• Myanmar’s top military commanders should face trial in an international court for genocide against Rohingya Muslims and for crimes against humanity targeting other ethnic minorities, a U.N. panel said after a yearlong investigation. [The New York Times]
• Russia’s highest-profile opposition leader, Aleksei A. Navalny, was sentenced to 30 days in prison. He said the authorities wanted to prevent him from organizing protests over plans to raise the retirement age. [The New York Times]
• Is Rudy Giuliani, President Trump’s lawyer, shrewd or just “untethered?” Our reporters say the former New York mayor’s strident defense of Mr. Trump has left even old friends questioning his approach. [The New York Times]
• The top U.S. air commander in the Middle East urged the Saudi-led coalition to be more transparent about an airstrike this month in Yemen that killed more than 40 children. [The New York Times]
• German chancellor Angela Merkel condemned two days of street violence by far-right protesters in Chemnitz that left several people injured. [The Guardian]
• First it wouldn’t let a swimmer return to shore; then it tossed a young bather in the air with its nose. Now there’s a swimming ban in the French city of Brest because of an overly friendly dolphin. [BBC]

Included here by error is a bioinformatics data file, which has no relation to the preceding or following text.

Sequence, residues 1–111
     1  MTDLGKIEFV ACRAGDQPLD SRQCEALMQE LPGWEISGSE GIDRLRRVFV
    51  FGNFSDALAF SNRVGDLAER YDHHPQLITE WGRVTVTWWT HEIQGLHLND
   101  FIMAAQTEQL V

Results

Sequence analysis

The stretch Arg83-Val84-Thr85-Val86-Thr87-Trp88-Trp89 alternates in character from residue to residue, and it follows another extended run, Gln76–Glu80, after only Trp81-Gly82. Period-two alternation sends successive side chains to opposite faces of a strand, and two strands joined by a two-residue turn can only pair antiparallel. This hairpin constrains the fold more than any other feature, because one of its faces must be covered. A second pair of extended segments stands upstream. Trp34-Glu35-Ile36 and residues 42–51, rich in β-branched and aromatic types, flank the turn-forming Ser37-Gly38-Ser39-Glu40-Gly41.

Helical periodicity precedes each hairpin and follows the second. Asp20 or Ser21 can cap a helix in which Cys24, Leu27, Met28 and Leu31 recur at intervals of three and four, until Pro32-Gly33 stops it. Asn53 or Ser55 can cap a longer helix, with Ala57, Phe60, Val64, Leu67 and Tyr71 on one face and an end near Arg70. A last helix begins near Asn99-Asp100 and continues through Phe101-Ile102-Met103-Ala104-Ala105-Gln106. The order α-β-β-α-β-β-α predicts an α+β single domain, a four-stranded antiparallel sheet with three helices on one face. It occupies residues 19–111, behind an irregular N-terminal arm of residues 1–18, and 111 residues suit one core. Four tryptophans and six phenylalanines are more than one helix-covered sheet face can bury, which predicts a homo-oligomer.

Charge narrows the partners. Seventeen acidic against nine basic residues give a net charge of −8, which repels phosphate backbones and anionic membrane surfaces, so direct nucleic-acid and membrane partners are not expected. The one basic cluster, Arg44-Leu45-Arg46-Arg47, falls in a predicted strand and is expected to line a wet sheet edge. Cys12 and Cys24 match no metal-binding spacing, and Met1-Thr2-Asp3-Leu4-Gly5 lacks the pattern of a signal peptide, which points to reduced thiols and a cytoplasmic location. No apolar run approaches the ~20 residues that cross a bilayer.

Tips for a more fulfilling life.
• Pierre Hache, who performs as Kiddy Smile, is taking the energy and inclusive spirit of Paris ball culture to the masses. The openly gay musician of African descent, who grew up in a housing project outside Paris, is even taking it to the presidential palace.
• The 96-year-old French painter Françoise Gilot — famously known as Picasso’s former lover and muse — has a new book of her sketches, offering an intimate glimpse into her inner life.
• The last cave bear went extinct 25,000 years ago in Western Europe. But a new study found that some cave bear DNA lives on in modern brown bears, a finding some scientists say could challenge our view of extinction.
The world’s first female zoo director, Belle Benchley, was born on this day in 1882.
In 1925, Ms. Benchley was recently divorced and looking for a job in order to provide for her son. A former teacher, she landed a temporary job as a bookkeeper at the San Diego Zoo, which had opened in 1916 and was growing. The job turned into a tenure of more than a quarter century that would permanently change the now-famous institution.
She quickly began to do more than her job description required, sometimes instinctively identifying sick animals, even before keepers or veterinarians did.
The zoo’s founder, Dr. Harry Wegeforth, offered her the top job of executive secretary in 1927. “You might as well run the place,” he reportedly told her, “because you’re already doing it anyway.” At the time, she was the only female zoo director in the world.
During the more than 25 years she spent on the job, Ms. Benchley wrote four books, wrote and edited the zoo’s magazine, “Zoonooz,” and became the American Zoological Association’s first female president.
Claire Moses wrote today’s Back Story.